"It’s not that I hate everything about this world.... It’s just that my life in heaven spoiled my life on earth."

Abe Levy, a philosophy professor at the prominent liberal arts university Pomona College, represents what every man strives for—a search for his inner spirit. Through his character, Steinberg dives deep into profound topics centered around meditation and the constant tug of war between the material world's attachments and the pathway to a higher celestial plane. In a time of chaos and uncertainty, the author's debut novel delivers an enormously real portrayal of enlightenment, simultaneously conveying a calming lyrical quality to his prose a la Herman Hesse's Siddhartha while incorporating a dazzling array of philosophical, religious, and even scientific understanding to demystify complex subjects like meditation, liberation, and, inevitably, enlightenment.

The novel's structure is infinitely dynamic, featuring a dual arc that follows Levy within the classroom, teaching the Insider's Guide to the Self, and his personal meditation journey that takes shape after a dream at fifteen transports him into another world and another life altogether. Unsurprisingly, this creates a web of complexities with his wife, Sarah. While the narrative never strays from its ambitions, the audience seamlessly becomes a student, learning about ancient Vedic culture, the Bhagavad Gita, and The Art of Living alongside Tom and others in the lecture hall. Truly, Steinberg's ability to pull the reader into his lecture hall and the numerous intriguing discussions and universal quandaries debating consciousness, attachment, and good versus evil is exemplary.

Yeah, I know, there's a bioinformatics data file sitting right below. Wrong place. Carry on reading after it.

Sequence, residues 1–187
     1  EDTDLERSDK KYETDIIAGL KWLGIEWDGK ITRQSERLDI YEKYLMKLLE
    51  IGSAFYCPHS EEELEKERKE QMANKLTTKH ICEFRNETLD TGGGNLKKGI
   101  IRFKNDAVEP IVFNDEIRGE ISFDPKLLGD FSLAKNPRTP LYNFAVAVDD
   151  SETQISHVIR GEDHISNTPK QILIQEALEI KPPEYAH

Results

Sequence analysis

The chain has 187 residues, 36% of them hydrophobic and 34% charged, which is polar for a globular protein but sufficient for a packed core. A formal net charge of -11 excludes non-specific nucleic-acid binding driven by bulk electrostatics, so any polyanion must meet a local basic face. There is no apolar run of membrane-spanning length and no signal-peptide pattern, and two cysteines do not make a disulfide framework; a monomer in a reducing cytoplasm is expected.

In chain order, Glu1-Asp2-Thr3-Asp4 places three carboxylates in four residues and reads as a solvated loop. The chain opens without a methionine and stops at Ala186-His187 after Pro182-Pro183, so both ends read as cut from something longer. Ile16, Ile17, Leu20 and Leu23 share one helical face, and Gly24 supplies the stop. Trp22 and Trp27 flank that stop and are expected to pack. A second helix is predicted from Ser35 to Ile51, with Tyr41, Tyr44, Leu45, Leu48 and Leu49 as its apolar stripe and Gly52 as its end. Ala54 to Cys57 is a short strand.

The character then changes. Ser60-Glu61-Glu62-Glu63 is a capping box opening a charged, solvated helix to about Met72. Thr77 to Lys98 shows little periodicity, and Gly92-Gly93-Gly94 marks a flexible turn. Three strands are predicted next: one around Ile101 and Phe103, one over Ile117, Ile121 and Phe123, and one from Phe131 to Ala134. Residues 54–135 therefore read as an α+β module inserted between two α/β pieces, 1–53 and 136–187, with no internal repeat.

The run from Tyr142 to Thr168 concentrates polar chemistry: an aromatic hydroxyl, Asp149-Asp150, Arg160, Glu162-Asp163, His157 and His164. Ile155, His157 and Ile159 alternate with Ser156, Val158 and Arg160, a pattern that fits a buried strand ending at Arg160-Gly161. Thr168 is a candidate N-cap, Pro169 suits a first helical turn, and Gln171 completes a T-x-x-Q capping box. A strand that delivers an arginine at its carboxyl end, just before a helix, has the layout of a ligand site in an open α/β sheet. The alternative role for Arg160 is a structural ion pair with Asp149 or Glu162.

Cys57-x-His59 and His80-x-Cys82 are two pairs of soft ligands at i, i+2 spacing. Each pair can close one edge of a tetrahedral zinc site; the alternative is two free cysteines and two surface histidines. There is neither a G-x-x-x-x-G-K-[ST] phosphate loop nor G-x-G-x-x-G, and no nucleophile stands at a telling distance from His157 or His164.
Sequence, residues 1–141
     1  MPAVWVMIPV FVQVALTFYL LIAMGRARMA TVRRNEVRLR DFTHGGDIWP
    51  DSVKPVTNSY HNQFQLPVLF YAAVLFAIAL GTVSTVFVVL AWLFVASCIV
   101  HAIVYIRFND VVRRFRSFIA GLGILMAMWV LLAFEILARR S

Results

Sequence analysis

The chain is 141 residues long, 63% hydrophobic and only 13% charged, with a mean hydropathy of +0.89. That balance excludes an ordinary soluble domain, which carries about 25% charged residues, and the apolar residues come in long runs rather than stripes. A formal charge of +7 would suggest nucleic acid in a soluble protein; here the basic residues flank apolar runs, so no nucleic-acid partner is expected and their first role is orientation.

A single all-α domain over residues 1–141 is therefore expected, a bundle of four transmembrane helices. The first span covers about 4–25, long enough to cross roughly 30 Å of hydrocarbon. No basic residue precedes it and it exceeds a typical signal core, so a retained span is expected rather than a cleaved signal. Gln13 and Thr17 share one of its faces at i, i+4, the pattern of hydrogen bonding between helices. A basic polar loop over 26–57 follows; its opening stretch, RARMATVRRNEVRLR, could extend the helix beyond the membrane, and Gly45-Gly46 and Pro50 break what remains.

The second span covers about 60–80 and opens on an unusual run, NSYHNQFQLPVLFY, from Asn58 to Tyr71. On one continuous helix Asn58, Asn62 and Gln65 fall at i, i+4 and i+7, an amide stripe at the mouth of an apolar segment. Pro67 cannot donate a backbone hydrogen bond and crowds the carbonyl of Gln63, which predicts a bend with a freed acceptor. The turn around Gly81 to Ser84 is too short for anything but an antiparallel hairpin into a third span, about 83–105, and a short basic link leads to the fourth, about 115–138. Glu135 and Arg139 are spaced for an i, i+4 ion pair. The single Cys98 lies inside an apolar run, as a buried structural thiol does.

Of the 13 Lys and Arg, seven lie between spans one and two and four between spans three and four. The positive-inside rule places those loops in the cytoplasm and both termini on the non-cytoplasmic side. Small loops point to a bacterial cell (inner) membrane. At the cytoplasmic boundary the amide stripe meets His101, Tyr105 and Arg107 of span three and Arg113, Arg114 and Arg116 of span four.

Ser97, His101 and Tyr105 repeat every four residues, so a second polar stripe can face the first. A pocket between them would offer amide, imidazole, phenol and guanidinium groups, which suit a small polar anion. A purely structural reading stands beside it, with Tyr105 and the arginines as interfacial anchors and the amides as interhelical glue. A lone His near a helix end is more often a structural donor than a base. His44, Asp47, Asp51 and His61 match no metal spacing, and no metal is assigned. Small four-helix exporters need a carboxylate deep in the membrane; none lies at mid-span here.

From Plato and Aristotle to Max Planck and the Big Bang, Steinberg covers an unprecedented amount of ground. Each exploration imparts another layer of knowledge in the ultimate quest of understanding the self in God's image. More than a text, Steinberg's novel is an unforgettable experience that strips away the density that naturally accompanies these concepts and replaces it with energetic prose that never ceases to inform.

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